By Adrian Warner
BBC London's Olympics Correspondent
An Olympics museum could be built under the stadium
The woman in charge of the legacy of the 2012 Olympics has revealed that she might revamp the plan to scale down the main stadium from 80,000 to 25,000 seats after the Games, especially if the arena becomes part of England's 2018 World Cup bid.
Baroness Ford said she and Olympics Minister Tessa Jowell accepted that the Olympic Park in Stratford, east London, must be left with a world-class athletics venue after 2012.
In her first television interview since taking office, Baroness Ford said: "It is cast in stone that we leave a Grand Prix athletics stadium.
"But what I have opened the book around is the other kind of value we can add to this stadium.
"If we won the World Cup bid, that would be one reason to keep the stadium at a particular capacity.
"Tessa and I agree that it is more important that we have a stadium built as an attraction.
"Whether it's 80,000, 50,000 or 25,000 seats after the Games is a kind of second question."
I have learned that there is increasing support for the stadium to be proposed as a ground for semi-final matches in 2018.
I think it will become a bit like Central Park in New York - beloved of New Yorkers but also a fantastic magnet for visitors to the city
That would mean it would stay at 80,000 so it could stage matches at the decisive end of the tournament.
So far everybody has assumed that the top tiers of the stadium, which have already been built, are coming straight down after 2012. Now that's not so sure.
Baroness Ford, who played a key role in helping to transform the Dome from a white elephant into the successful 02 Arena, said the Olympic Park must be used by both the local community and tourists every day after 2012.
She also hopes it will host a permanent Olympics exhibition.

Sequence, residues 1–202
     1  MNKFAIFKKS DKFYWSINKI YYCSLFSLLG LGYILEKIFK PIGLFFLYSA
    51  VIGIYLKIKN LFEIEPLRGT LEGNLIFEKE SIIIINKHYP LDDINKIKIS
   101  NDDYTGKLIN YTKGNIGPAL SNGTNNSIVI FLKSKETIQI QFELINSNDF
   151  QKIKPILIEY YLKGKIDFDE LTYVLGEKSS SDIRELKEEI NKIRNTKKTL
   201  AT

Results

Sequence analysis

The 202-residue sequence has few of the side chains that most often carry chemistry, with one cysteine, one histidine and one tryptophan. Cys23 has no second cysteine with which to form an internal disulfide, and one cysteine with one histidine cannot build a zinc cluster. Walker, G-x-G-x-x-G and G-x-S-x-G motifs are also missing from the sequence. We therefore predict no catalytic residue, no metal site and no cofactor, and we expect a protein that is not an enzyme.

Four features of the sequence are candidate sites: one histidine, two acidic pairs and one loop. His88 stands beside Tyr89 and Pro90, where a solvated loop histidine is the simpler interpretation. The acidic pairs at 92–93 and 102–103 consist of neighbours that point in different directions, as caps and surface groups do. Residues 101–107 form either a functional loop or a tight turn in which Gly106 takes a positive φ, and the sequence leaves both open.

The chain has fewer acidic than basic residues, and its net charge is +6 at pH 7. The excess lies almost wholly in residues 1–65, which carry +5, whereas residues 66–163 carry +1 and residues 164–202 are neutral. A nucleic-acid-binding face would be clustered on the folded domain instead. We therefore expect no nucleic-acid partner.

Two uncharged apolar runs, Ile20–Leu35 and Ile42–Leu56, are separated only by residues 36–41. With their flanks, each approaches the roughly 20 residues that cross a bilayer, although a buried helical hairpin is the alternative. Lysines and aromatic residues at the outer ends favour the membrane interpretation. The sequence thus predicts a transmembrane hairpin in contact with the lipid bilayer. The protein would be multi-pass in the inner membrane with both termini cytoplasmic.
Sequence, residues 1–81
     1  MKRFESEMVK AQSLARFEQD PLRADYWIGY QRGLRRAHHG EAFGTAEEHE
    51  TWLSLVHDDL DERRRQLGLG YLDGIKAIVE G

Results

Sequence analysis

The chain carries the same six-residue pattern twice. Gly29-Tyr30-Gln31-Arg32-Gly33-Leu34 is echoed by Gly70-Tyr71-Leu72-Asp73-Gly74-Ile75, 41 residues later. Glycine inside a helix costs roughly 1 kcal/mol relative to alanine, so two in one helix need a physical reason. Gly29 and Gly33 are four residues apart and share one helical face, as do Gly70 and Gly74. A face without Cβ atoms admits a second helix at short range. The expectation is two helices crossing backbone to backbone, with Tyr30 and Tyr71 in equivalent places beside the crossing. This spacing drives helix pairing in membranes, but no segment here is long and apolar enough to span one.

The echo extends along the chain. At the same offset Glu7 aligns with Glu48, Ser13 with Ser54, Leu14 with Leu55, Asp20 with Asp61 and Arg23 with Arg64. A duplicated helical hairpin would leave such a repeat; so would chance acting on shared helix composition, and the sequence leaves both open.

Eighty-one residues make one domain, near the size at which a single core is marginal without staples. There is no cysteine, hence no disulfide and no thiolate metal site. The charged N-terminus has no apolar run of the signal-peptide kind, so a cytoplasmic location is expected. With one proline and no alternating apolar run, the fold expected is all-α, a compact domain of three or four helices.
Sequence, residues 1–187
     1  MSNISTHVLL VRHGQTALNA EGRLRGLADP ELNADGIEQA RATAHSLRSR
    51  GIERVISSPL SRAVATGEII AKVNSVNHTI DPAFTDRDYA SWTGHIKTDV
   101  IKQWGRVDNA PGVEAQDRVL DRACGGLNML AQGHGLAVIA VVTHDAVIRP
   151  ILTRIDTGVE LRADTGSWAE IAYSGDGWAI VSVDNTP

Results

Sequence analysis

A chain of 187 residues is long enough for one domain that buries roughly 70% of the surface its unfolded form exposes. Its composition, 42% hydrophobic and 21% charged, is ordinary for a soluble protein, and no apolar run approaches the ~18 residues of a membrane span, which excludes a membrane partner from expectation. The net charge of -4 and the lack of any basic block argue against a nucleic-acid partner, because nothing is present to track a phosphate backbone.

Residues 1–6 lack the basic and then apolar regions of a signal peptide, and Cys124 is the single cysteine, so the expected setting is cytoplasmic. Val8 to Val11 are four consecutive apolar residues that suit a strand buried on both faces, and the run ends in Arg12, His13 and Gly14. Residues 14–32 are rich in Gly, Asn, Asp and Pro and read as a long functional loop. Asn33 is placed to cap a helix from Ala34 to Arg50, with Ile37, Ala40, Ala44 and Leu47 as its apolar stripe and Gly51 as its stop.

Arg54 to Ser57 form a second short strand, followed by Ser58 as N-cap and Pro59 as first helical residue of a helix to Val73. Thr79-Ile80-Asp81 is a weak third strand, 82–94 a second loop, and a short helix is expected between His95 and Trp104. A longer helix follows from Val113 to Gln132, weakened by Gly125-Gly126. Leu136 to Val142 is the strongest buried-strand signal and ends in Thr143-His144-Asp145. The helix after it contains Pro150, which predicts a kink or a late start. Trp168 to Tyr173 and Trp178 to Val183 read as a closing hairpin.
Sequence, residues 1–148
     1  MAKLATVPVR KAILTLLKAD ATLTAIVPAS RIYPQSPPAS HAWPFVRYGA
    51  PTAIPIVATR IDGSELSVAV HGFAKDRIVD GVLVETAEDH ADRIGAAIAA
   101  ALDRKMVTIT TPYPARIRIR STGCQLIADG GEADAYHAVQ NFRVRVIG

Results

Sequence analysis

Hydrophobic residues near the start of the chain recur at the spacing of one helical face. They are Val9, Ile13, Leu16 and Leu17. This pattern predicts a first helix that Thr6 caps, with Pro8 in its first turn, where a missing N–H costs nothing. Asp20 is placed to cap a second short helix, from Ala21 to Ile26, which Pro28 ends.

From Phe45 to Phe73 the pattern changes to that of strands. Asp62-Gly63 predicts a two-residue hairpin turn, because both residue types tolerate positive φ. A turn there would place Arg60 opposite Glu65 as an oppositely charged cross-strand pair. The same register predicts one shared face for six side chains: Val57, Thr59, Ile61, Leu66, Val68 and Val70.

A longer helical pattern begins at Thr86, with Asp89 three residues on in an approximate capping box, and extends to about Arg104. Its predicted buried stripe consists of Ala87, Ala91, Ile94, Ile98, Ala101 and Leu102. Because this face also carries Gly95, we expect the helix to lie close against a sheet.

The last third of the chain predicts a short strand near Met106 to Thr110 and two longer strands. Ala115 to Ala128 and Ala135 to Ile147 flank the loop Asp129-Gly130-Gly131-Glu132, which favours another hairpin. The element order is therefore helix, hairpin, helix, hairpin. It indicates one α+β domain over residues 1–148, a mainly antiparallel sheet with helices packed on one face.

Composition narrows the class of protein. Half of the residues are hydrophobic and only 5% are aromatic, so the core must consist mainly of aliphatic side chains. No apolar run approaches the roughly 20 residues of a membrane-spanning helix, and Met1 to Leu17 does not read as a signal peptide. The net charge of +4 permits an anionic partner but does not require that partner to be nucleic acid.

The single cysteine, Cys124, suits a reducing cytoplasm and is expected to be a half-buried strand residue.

"We have to create a real knockout destination.
"Underneath the stadium we can create a fantastic visitor attraction for Londoners and tourists - perhaps a permanent Olympic museum with good interactive attractions.
"We can have a sporting Hall of Fame.
"There are lots of organisations which want to come and locate themselves in the Park. There will be sporting, cultural and community events there.
"I think it will become a bit like Central Park in New York - beloved of New Yorkers but also a fantastic magnet for visitors to the city."
'No Dome mistake'
Baroness Ford has said she plans to carry out a full review of the stadium plans in the next five months.
The new company in charge of the legacy of 2012 is due to make a decision on the stadium's future by the end of the year.
Although the legacy company will control the Park, Baroness Ford hopes to persuade private firms to take over the running of the individual venues.
The Lea Valley Park Authority has already agreed to run the yet-to-be-built velodrome in Stratford and the white-water canoeing centre at Broxbourne in Hertfordshire.
The O2 Arena has become a major venue for music concerts
"My objective is not to go to London or the government cap in hand and say we need lots of subsidy to make all of this work," Baroness Ford added.
"I happen to think there is a clear market need for a knockout sports visitor attraction in the UK and that we will able to find the right kind of operators, as we did with the Dome."
Asked if that would be tough in a recession, she said: "If we were going looking for investors tomorrow, I would really have a problem.
"But by the time I come to commit to all of these things, four years from now, I think we expect to be in a different place."
Baroness Ford said it was crucial that Olympic chiefs did not repeat the mistakes made with the Dome at the start of the decade.
She said: "My company has three years to think about planning of events, getting the right tenants and getting the visitor attractions up and running so we are not left with a situation, as we were with the Dome, where it was empty, derelict and desolate.
"We will avoid that."
Rethink over 2012 stadium plans